We’re over halfway through 2023 and I’m gonna go ahead and call it: this is my year of reevaluation.
Maybe this phase is a result of my crone years rapidly approaching. Or chalk it up to my last kid starting college in the fall. Perhaps it’s a result of living through a pandemic and its enduring aftermath. Could be that Jupiter has aligned with Mars. Let’s just say it’s all that and more.|
(I’m looking forward to my crone years, by the way. I intend to spend them developing even more eccentric hobbies and dispensing sage advice that no one listens to. It’s a win all the way around.)
Regardless of the root cause, I’m rethinking a few things right now. A lot of my re-thoughts have to do with running.
I’ve already talked about this year’s Seneca 7 being my last for the foreseeable future. It’s a great race, mind. You should do it if the idea of moving around a gorgeous lake in unpredictable weather tickles your running bone. It’s genuine Type-2 fun. For me, three turns in the van satisfied my need.
I’m starting to feel the same way about half marathons.
I know, I know. I’ve committed to running 13.1 in each of our 50 states. My current count stands at 20 (with another 10 spread across Pennsylvania and New York). Even though 20 does not equal 50, I’m bailing on racing the whole country.
My reasons are varied. After this last training cycle, which took me from indoor laps in January to New Jersey April 1 to Seneca to last month’s Garry Bjorklund (a.k.a. Grandma’s) in lovely Duluth, Minnesota, my body was just hanging on. My knees popped and squeaked and clicked, to say nothing of the noises my hips made. They didn’t lie. I’d been skimping on the strength in order to fit in all of the running. That is unsustainable in my 50s.
Alison Desir’s talk at the Grandma’s Marathon Expo about making the sport more diverse was an energy boost in about a million different ways.
My body hammered the point home when I made it back to Oneonta from Minneapolis. I spent the week after the race in bed, sick as I’ve been in years. I figured it was Covid or the flu. It was neither. An ear and sinus infection knocked me on my (already achey) arse. Thank you for the message, universe. I’m not as physically resilient as I once was.
Could I dedicate myself to becoming faster, stronger, and better? Probably. But I don’t really want to, and pushing through in the face of my meh-ness would be silly. The end result would likely be a PR, an injury, and buckets of resentment. I like running too much to make myself hate it for some self-imposed 50-state goal.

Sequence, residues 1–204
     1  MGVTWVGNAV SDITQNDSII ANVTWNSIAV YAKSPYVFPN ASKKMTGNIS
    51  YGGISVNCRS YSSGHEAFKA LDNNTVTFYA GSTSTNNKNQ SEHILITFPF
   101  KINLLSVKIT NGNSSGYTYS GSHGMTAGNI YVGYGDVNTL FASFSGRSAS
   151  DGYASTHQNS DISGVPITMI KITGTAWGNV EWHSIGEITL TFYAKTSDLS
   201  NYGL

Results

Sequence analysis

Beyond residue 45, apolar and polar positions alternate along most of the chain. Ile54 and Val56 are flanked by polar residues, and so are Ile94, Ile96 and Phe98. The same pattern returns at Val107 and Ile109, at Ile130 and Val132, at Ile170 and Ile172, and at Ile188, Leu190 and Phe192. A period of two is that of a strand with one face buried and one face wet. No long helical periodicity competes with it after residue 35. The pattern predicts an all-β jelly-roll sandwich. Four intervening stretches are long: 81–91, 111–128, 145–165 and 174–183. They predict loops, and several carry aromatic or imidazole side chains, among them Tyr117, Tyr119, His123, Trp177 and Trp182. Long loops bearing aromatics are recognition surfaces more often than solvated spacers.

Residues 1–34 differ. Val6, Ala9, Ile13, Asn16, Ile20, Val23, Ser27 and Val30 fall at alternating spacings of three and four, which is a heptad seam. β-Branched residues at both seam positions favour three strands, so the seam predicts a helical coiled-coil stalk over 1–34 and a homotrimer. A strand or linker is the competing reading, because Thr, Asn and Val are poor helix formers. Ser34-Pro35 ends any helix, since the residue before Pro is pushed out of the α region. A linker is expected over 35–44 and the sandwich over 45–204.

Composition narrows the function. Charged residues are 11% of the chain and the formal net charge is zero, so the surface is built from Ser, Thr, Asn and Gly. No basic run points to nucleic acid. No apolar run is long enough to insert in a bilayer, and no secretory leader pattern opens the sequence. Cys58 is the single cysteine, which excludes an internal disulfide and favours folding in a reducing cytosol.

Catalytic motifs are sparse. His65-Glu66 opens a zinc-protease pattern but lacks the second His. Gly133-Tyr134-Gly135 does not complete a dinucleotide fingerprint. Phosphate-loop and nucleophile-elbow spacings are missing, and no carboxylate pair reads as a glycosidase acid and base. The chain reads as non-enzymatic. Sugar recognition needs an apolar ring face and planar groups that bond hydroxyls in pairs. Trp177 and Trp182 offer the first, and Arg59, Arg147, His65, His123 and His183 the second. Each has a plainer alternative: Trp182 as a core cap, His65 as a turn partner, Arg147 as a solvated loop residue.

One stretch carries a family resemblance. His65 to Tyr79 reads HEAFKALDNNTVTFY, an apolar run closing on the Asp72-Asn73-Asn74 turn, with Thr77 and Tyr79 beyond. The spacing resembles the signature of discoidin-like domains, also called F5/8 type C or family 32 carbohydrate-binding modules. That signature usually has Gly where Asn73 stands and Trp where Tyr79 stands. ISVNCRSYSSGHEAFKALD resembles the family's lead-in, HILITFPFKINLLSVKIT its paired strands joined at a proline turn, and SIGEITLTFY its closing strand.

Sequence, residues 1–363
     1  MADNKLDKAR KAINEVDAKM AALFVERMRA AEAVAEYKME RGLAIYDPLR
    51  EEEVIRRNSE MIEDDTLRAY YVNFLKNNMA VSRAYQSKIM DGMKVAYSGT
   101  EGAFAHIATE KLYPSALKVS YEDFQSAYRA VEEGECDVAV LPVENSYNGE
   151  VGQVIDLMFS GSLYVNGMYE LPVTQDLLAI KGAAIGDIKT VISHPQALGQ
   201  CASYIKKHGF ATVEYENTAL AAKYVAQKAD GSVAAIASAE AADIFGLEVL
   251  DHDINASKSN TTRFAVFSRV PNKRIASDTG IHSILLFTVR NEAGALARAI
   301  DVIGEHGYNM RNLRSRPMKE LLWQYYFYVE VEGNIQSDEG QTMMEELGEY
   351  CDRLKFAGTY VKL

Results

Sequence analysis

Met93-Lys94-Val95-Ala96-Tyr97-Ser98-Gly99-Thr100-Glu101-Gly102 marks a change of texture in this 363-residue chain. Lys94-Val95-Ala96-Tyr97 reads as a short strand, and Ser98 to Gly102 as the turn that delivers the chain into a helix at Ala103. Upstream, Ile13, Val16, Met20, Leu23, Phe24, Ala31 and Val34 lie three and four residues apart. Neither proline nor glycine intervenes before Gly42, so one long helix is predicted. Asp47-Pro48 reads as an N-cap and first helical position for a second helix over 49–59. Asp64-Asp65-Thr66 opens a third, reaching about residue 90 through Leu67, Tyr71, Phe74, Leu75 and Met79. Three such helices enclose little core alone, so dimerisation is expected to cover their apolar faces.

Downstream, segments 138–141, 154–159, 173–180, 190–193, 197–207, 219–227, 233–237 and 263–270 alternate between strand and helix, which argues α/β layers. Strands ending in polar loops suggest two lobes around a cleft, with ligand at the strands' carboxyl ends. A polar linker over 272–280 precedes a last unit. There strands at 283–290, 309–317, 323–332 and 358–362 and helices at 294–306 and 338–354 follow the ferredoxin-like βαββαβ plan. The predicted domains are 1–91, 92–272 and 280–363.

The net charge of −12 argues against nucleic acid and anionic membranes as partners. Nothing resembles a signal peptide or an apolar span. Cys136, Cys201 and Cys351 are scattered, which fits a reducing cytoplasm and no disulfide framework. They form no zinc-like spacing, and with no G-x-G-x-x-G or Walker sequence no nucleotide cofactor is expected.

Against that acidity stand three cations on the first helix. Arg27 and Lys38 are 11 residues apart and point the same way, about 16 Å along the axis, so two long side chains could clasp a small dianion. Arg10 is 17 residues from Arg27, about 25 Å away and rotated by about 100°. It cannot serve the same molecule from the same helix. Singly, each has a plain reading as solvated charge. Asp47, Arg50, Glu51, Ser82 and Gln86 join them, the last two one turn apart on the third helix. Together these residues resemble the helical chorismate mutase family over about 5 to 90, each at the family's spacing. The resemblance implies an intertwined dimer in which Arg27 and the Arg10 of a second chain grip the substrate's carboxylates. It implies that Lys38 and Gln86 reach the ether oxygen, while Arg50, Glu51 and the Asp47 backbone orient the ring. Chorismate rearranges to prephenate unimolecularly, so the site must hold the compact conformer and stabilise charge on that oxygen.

The real kicker for me, however, has been how little excitement and how much dread I feel at the starting line now. “Dread” might be the wrong word. “Pre-emptive boredom,” maybe? “The knowledge gleaned from 30 races about how my 13.1 miles will feel,” perhaps? No matter what you call it, the thrill of the running part of a race is gone.
What remains is the joy I take in all that surrounds racing, like fun signs, community support, and expo booths. Running in new places remains my jam and I don’t need a race to do that. I still dig watching runners run and find their individual ways through the hard parts of the sport. And, of course, my favorite favorite is meeting up with badass women runners who are current (and future) friends.
Finish lines with friends is the best part of racing. In this case, post Bjorklund in Duluth.
I’ve reset my goal, which is totally kosher since I’m the one who decided the finish line in the first place. Rather than shoot for 13.1 in all 50 states, I’m stealing an idea from a friend of a friend and running a half marathon in half of the states. Indianapolis will be next in October and I have plans for May 2024. I’ll need three more states to close this particular chapter.
The rest of the book remains to be written. I’m leaning into what I love right now: how running makes me feel, how much I love travel, and how connected I am to other mother runners. While I’m pretty sure a naked 5K and a marathon were both ones-and-dones, there’s so much out there to explore. Currently catching my eye is the Burro Race in Fairplay, Colorado, because it’s just the sort of madness I want in my life, even though a) it’s at altitude, b) it’s 15 miles, and c) it requires livestock.
Even if I don’t make it to Colorado anytime soon, I do know that I’m going to invest more time in expanding my cheering game. What would it be like to go to NYC on the first Sunday in November and yell at sweaty strangers? Seems like a thrill, frankly, and I plan to give it a try.